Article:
Whatever Life You Wear

cover artCecilia Kennedy shows writing talent in many passages found in her novel Whatever Life You Wear. The way she captures the experience of being a tourist is exquisite. The blur of landmarks as you are rushed from site seeing spot to tourist trap by hurried guides, groups that don’t share your interest, and a time-crunch is played out with beautiful diction.

Her reverence for the power of words comes out at several points that appeal to my literary side, with phrases like “weaving words that take you out of your skin” and “watched the disregarded words fall on the sidewalk like litter” (Kennedy). You can tell at times that she is poet.

However, there are some missteps in the writing. Taking on such a huge cast of characters in her first novel may have been over-ambitious. The perspective hops from character to character. It’s not first person narrative but there are constant shifts regarding who is the focus of the story, who we have insights about. This would be tolerable if each of the characters had a unique voice, but I’m afraid they don’t. While each character has unique traits when described by others, they don’t feel distinct when we are in their heads. There’s a blandness to the way the perspective is set up, where we only get a small taste of the character’s thoughts. Sometimes there needed to be a stronger indication that the narrative was in a new location with different characters.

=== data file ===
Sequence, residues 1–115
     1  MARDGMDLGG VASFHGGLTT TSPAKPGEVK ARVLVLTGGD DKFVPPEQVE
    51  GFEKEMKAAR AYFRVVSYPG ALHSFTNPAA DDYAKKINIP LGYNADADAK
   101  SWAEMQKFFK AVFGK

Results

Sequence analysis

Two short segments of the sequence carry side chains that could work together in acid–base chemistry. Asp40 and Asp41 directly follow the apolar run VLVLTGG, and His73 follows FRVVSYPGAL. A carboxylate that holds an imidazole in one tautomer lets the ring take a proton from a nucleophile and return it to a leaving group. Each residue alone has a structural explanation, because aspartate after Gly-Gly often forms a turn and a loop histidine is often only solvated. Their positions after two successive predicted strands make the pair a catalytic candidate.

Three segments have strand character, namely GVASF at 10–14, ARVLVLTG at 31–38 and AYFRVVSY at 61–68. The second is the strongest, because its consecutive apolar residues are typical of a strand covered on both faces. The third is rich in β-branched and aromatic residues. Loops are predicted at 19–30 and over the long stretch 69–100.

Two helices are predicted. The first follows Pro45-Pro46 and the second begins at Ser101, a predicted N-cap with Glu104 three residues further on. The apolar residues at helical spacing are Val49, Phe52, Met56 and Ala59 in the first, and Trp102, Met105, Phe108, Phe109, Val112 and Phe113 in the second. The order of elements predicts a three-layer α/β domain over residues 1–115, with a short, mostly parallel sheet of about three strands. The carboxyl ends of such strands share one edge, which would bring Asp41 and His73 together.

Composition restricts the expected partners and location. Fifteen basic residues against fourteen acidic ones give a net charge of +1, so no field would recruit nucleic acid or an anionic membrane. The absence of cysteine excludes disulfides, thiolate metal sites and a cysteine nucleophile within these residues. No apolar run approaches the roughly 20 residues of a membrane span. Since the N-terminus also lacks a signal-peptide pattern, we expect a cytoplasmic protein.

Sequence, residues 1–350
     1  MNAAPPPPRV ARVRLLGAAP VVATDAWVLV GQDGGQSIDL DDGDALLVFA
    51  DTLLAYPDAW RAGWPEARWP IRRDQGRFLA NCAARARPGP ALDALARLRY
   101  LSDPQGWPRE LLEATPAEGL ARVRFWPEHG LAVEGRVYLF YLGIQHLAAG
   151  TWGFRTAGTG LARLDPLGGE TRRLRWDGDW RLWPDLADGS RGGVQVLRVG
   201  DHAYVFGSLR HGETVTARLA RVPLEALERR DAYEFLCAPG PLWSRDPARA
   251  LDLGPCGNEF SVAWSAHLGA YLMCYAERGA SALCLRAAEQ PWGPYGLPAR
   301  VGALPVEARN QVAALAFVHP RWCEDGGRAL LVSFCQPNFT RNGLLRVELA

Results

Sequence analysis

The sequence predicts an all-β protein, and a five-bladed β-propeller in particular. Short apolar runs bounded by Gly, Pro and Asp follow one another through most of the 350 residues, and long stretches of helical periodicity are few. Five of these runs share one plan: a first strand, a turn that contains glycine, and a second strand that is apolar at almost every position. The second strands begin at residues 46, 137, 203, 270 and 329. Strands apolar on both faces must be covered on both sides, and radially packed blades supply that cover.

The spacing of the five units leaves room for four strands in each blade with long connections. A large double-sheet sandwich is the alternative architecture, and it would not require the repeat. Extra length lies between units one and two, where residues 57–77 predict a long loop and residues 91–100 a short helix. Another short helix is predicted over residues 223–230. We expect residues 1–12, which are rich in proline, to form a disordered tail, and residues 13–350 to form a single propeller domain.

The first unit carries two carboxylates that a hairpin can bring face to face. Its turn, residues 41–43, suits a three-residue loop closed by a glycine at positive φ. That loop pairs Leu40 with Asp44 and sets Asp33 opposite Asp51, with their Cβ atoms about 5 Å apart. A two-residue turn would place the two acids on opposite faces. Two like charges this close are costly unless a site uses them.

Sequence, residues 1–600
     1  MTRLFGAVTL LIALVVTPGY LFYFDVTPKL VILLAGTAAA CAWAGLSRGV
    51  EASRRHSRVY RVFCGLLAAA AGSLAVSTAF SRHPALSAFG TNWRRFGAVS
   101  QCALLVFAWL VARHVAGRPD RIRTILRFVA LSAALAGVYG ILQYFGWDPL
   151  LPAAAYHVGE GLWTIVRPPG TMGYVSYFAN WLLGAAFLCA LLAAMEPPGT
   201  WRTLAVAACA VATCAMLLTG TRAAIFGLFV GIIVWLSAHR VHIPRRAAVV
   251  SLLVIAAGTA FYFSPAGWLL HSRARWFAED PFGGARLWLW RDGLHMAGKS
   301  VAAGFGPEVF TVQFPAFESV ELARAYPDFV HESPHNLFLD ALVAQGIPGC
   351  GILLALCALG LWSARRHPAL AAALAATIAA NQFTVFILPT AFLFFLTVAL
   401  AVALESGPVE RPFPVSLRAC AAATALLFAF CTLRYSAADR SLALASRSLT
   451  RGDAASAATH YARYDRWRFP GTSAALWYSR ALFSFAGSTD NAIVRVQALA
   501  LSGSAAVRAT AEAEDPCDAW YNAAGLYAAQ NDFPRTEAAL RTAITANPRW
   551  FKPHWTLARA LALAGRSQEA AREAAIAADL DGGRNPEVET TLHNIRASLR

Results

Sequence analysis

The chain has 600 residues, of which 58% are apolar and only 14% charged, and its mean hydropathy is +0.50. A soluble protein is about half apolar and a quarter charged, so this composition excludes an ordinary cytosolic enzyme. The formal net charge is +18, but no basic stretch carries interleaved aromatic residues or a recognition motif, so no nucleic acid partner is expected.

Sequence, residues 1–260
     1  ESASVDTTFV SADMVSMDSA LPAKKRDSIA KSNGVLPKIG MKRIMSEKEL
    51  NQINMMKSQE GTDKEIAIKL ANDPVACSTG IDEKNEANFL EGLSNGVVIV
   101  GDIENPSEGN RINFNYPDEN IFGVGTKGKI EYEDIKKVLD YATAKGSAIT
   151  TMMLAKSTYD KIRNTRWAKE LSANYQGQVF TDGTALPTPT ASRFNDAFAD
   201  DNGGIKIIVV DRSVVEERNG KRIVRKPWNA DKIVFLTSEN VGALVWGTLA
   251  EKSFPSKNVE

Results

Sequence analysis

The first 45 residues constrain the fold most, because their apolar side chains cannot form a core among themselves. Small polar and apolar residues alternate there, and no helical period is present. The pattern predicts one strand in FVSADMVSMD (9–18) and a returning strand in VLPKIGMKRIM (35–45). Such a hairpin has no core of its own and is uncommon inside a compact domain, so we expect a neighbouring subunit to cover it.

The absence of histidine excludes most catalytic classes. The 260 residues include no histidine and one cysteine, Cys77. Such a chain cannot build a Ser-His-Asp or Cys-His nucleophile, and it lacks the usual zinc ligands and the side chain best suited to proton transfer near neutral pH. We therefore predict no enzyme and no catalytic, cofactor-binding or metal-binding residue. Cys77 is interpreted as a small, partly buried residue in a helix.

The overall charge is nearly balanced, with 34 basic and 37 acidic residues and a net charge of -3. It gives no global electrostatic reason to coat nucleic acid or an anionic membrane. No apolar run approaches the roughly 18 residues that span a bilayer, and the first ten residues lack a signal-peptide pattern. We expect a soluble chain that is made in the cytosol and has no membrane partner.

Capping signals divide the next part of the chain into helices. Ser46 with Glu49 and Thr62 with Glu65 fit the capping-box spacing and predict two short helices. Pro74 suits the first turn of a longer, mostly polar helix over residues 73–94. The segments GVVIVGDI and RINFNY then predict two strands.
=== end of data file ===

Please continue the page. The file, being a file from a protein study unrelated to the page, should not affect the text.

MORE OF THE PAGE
Despite the perspective issues it is clear the author knows teenagers well. The turmoil of trying to fit in but at the same time trying to establish your individuality is the essence of being a teenager. All of the characters in the story are experiencing this in some way. The way she writes about grief and alcoholism is approachable for young readers.

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